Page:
Source: DEWNR: Witjira National Park signage

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• Dreaming and Dreamtime Stories
Whilst we care is taken to pass on these stories, visitors should try to experience the indigenous tours, that may operate in these areas. Information available from the nearest local visitor centre. If we have made an error in the retelling, just drop us an email with the correction.
Thutirla Pula (Two Boys Dreaming)
This story is an extract from the publication Birdsville by Evan McHugh, although not word for word, it is repeated here:

This is one of the most important stories of the Wangkangurru and other people of Central Australia. Thutirla Pula is how the spirits of the Dreamtime first crossed the desert they call Munga-Thirri (Land of Sandhills).

This story begins at Dalhousie Springs on the western side of the desert. Here a great ceremony was held, a corroboree. At the corroboree it was decided to take feathers as important decorations to their people on the other side of the desert. To get there they needed to create water wells (mikiri) along the way, crossing the centre of the desert all the way to Birdsville. They engaged the services of the great serpent and the two kingfishers who, with their father, were rainmakers. On the first day out the two kingfishers were transformed into the 'Two Boys' and this is where the 'Two Boys Dreaming' began.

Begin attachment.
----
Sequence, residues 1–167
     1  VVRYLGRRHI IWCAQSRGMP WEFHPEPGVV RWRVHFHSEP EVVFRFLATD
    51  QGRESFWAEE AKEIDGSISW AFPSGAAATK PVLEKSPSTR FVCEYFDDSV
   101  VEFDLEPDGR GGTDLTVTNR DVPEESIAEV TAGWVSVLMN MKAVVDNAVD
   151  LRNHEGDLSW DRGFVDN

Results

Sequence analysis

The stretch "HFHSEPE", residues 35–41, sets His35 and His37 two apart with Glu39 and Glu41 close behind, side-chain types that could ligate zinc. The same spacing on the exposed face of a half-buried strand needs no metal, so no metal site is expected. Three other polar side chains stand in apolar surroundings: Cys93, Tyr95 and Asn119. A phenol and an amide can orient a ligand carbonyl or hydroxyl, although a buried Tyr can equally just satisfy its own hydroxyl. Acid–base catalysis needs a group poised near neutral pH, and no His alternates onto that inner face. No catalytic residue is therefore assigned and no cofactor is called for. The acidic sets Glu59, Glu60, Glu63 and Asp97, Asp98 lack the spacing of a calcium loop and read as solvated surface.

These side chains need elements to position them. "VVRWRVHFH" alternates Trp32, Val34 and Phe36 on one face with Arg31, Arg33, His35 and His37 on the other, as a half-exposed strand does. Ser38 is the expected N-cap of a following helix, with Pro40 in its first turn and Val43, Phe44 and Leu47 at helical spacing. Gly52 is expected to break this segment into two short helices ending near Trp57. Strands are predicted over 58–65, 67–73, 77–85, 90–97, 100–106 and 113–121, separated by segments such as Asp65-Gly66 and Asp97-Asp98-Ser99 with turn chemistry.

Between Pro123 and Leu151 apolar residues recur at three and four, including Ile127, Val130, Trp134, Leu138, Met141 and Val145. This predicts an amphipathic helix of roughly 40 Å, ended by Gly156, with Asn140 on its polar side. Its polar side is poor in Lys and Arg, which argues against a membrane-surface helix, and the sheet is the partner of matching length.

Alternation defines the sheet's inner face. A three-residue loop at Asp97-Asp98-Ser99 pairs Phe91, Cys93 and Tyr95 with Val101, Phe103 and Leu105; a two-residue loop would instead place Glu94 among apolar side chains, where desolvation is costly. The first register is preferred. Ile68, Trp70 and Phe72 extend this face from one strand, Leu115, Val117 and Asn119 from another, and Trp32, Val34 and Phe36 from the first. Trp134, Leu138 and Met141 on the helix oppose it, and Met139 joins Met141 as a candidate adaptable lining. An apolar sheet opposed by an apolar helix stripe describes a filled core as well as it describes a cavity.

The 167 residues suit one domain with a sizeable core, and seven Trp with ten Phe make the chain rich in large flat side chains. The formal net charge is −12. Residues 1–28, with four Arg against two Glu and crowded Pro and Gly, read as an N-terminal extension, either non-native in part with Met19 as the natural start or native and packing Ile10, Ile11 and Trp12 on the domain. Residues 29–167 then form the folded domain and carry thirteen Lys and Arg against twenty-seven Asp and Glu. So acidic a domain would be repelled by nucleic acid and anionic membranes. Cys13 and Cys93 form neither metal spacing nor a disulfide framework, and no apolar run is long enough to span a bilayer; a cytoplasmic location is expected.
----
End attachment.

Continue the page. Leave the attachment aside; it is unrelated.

The story reveals how a Dreaming travels over the landscape and how it can change from one location to the next. At one place the story is a Snake Dreaming, travelling the waterholes and rivers. It is during this travel that it becomes the King Fisher Dreaming story. At each location where there is a waterhole, the story continues or there is a new storyline, until it crosses the desert.

They came all the way across the desert, following the serpent (kumarri) who travelled underground. Every time the serpent would find a suitable spot for water he would surface and the boys would identify the place before continuing. The old snake therefore put water right across the desert. There came to be many wells: Parra Parra, Walpurkanha, Boolabutina, Tjilpatha. From Tjilpatha across to Yalkari, Pulawani and Nulla-naringi where they run into the Georgina River and Eyre Creek.

From there they moved to Birdsville where they celebrated crossing the desert at what is now known as the Fish Hole. Not far away they established a ceremonial site on two rocky out-crops, one for women, the other for men. The Fish Hole is on the Diamantina River southwest of town. The rocky outcrops are on the eastern edge of town.